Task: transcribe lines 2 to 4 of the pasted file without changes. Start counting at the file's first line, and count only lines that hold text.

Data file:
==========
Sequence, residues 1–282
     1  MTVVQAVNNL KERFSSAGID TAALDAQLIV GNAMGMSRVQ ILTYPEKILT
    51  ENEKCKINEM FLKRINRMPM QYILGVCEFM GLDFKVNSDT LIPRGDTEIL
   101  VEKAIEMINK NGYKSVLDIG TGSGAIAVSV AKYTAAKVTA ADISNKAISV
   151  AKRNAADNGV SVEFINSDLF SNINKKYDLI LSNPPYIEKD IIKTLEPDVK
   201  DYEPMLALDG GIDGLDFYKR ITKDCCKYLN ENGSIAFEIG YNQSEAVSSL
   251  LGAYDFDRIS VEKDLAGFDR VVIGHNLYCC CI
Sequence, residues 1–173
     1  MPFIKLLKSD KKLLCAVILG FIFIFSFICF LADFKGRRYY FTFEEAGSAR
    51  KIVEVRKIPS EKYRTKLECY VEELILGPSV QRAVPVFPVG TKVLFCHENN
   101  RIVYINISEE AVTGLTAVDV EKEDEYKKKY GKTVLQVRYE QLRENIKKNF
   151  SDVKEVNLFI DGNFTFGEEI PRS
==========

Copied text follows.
     1  MTVVQAVNNL KERFSSAGID TAALDAQLIV GNAMGMSRVQ ILTYPEKILT
    51  ENEKCKINEM FLKRINRMPM QYILGVCEFM GLDFKVNSDT LIPRGDTEIL
   101  VEKAIEMINK NGYKSVLDIG TGSGAIAVSV AKYTAAKVTA ADISNKAISV